How to Size Hiking Boots

How to Size Hiking Boots
Hiking boots may be the most critical part of a hiker's gear. They're the difference between painful, blistered feet and happy feet that can hike for miles. Various brands of hiking boots come with various differences; a size 6 in one brand may be a size 7 in another, and each boot can be shaped to fit a slightly different foot. As long as you can pick out the key features of a nicely-fit boot, you'll be able to find yourself the right footwear.


Difficulty: Moderately Easy

Step 1
Try on your hiking boots in the late afternoon or early evening. Make sure you've been up on your feet beforehand--ideally, you should go for a quick walk before trying on the boots. This ensures they'll still fit your feet after a long day of hiking, because our feet tend to swell a little bit as the day goes on.
Step 2
Put on the same sort of socks you intend to use while hiking before you try the boots on. You'd be surprised what a difference thin cotton socks make vs. wool socks--or the difference among types of wool socks.
Step 3
Try on both boots at once; many of us have one foot that's a little larger than the other or of a slightly different shape, so a boot that fits one foot might not fit the other. Start with your standard shoe size and then adjust size up or down a little bit as necessary; you may end up wearing a different boot size than your leisure shoe size.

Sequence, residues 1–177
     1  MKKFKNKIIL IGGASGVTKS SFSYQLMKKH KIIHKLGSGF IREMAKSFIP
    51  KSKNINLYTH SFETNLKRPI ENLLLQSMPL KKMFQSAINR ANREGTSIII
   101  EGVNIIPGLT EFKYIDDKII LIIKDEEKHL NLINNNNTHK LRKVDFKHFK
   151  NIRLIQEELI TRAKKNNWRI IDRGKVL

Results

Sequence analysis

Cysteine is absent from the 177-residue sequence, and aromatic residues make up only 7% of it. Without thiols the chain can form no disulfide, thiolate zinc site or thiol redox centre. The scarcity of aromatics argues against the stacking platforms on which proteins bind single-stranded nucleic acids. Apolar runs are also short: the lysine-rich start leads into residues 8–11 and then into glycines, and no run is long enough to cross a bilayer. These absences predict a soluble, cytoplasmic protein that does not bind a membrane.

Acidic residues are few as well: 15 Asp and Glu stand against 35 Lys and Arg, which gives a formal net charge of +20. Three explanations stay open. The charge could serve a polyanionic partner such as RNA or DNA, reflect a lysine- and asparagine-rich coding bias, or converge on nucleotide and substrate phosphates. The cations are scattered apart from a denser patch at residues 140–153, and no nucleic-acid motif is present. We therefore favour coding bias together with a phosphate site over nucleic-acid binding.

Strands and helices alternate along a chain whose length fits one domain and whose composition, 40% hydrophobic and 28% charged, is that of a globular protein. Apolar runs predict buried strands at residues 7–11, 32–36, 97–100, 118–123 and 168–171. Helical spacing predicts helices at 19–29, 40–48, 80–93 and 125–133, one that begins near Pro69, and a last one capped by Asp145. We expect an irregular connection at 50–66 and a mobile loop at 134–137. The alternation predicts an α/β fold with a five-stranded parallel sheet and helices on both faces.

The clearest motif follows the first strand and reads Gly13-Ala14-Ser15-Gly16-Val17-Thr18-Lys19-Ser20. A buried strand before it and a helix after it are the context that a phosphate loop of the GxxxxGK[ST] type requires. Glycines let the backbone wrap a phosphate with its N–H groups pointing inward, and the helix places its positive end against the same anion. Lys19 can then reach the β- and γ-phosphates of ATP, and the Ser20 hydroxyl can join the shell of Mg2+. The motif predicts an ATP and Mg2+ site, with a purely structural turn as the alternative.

Step 4
Tie the boots snug and stand up with your weight balanced between both feet. Raise up on your toes; do your heels lift inside the boot before the boot itself begins to rise? If so, it's not a good fit--this sort of motion can cause blisters with repetitive hiking. Try a half-size smaller or look for a different boot that may be a better shape for your feet. As you do this test, be alert to any pressure points or "hot spots" where your foot is uncomfortable inside the boot.
Step 5
Test the boots by walking around the store, up and down stairs, and if possible go up and down steep ramps or ask permission to try the boots on uneven surfaces outside the store. You're looking, in particular, for boots that keep your toes from sliding forward against the front of the boot when you walk downhill--another sure-fire recipe for blisters.

Article Written By Marie Mulrooney

Marie Mulrooney has written professionally since 2001. Her diverse background includes numerous outdoor pursuits, personal training and linguistics. She studied mathematics and contributes regularly to various online publications. Mulrooney's print publication credits include national magazines, poetry awards and long-lived columns about local outdoor adventures.

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